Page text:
2. When more than one similar substituent group is present in the ring, they are labelled with the Greek numerical prefixes such as di, tri, tetra to denote the number of similar substituent groups attached to the ring. If two bromo- groups are attached to the adjacent carbon atoms of the benzene ring, it is named as 1,2-dibromobenzene.

1,2 Dibromo benzene

3. When different substituted groups are attached to the aromatic compounds, the substituent of the base compound is assigned number one and then the direction of numbering is chosen such that the next substituent gets the lowest number. Substituents are named in alphabetical order. For example: when chloro and nitro groups are attached to the benzene ring, we first locate the chloro group then nitro groups.

2 Chloro 1-methyl 4-nitrobenzene

4. In the case of multiple substituted aromatic compounds, sometimes terms like ortho (o), meta (m) and para (p) are also used as prefixes to indicate the relative positions 1,2-; 1,3- and 1,4- respectively. For example, 1,2-Di-bromo-benzene can be named as o-di-bromo-benzene.

5. When an alkane with a functional group is attached to an aromatic compound, the aromatic compound is considered as a substituent, instead of a parent. For example: when a benzene ring is attached to an alkane with a functional group, it is considered as a substituent named phenyl, denoted by Ph-.

Frequently Asked Questions – FAQs


What is an aromatic organic compound?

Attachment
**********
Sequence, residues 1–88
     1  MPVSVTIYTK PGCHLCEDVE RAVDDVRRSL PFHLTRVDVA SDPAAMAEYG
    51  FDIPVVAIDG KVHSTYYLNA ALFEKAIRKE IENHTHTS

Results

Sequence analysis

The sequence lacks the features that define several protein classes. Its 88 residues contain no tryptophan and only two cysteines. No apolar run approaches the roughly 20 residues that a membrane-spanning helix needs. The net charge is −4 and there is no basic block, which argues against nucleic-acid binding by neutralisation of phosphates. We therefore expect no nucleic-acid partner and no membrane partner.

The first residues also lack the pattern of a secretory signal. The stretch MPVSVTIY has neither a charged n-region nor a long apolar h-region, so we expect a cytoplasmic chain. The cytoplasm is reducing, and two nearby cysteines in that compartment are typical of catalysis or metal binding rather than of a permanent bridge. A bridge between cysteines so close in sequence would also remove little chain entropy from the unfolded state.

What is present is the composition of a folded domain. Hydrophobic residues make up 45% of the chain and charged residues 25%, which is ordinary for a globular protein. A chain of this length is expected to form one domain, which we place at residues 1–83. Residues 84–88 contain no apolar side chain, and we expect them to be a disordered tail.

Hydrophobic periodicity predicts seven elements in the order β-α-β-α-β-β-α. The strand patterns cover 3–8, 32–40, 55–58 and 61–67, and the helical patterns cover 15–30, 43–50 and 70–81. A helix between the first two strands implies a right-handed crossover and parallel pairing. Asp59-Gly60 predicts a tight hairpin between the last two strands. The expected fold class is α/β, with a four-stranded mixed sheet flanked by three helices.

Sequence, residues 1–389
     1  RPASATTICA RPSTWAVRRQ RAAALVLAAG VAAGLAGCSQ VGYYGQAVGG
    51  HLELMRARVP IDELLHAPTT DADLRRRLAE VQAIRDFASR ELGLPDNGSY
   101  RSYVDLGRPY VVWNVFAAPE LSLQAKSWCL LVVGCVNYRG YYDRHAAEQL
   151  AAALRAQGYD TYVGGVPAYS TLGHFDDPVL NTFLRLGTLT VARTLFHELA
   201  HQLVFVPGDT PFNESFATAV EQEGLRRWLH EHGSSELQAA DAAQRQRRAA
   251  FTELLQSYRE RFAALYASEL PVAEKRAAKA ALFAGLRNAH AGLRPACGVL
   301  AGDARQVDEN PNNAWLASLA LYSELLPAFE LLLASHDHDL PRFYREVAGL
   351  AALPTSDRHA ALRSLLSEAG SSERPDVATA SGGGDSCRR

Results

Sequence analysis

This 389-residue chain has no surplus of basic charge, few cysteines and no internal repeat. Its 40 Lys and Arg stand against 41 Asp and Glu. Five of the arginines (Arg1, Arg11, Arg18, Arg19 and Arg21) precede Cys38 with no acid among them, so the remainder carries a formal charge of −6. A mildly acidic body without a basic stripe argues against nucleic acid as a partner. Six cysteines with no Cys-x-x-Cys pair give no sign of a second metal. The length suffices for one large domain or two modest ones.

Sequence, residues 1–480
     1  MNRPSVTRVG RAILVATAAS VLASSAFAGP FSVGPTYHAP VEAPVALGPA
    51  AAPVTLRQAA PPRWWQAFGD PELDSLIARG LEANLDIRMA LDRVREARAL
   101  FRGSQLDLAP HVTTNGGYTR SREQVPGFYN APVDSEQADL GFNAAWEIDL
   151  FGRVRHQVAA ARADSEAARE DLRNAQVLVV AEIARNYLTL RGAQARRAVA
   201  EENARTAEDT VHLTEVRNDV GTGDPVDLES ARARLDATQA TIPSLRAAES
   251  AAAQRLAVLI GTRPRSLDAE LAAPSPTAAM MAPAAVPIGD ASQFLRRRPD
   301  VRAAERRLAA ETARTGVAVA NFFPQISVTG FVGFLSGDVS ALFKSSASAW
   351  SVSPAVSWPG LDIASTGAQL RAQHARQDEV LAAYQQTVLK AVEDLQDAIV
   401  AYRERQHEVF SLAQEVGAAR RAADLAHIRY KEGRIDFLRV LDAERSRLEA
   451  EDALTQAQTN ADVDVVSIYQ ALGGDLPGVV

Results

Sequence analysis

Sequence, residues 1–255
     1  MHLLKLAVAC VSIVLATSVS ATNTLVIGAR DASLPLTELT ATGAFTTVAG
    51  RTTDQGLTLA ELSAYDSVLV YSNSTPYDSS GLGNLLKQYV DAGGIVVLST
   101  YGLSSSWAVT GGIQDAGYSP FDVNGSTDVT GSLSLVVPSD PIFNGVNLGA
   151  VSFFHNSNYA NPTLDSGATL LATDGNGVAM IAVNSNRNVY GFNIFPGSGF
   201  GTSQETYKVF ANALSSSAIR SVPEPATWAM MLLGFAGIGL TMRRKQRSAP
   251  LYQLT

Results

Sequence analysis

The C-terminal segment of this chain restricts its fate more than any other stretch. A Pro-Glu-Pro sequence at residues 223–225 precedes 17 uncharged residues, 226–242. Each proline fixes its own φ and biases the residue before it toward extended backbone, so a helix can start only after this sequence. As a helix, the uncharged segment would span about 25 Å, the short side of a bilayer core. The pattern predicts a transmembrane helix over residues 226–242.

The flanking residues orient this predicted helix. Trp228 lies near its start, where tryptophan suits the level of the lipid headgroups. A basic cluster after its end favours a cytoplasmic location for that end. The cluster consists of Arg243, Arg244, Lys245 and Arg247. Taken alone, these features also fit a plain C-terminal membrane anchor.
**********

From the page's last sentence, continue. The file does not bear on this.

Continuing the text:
Aromaticity is a property in organic chemistry of cyclic (chain-shaped), planar (flat) structures with a ring of resonance bonds that gives greater stability compared to other geometric or connective arrangements with the same collection of atoms.


What are heterocyclic aromatic compounds?

A heterocyclic compound is an organic compound where an atom other than carbon has substituted one or more of the carbon atoms in the molecule’s backbone. Nitrogen, oxygen, and sulphur are normal hetero atoms.


What is the general formula of aromatic compounds?

Aromatic hydrocarbons are compounds that contain benzene as part of their structure, also known as aromatic compounds. Benzene, with formula C6H6, is a cyclic hydrocarbon.


What is the difference between aliphatic and aromatic?

The carbon compounds are related in a straight chain way in aliphatic compounds. In aromatic compounds, the carbon compounds are associated with conjugated pi electrons in the manner of a ring structure.


Are all aromatic compounds cyclic?

Cyclic compounds may or may not be aromatic; benzene is an example of a cyclic aromatic compound, while cyclohexane is non-aromatic. Organic compounds that are not aromatic are known as aliphatic compounds, but only aromatic rings are especially stable.


What are the conditions for a compound to be aromatic?

A compound is characterised to be aromatic if it is cyclic, flat, conjugated and obeys Huckel’s rule of aromaticity.

What is Huckel’s rule of aromaticity?

Huckel’s rule of aromaticity states that for a ring to be aromatic, it should be planar and have fully conjugated (4n + 2) pi electrons, where n is an integer.

Why are aromatic compounds more stable?

Aromatic compounds are more stable because they have less hydrogen to carbon ratio.

Why does conjugation increase the stability of the compound?

Conjugation increases the stability of the compound as it connects the p orbital to the delocalised electrons, which lowers the energy of the molecule, thereby increasing its stability.

Are aromatics more reactive than alkenes?

No, aromatic compounds are less reactive than alkenes, as they are stable and do not react easily. Due to this property of the aromatic compounds, they are used as industrial solvents for non-polar compounds.

For a detailed discussion on the nomenclature of alkanes, alkenes, and alkynes, download BYJU’S – the learning app.

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  1. Very good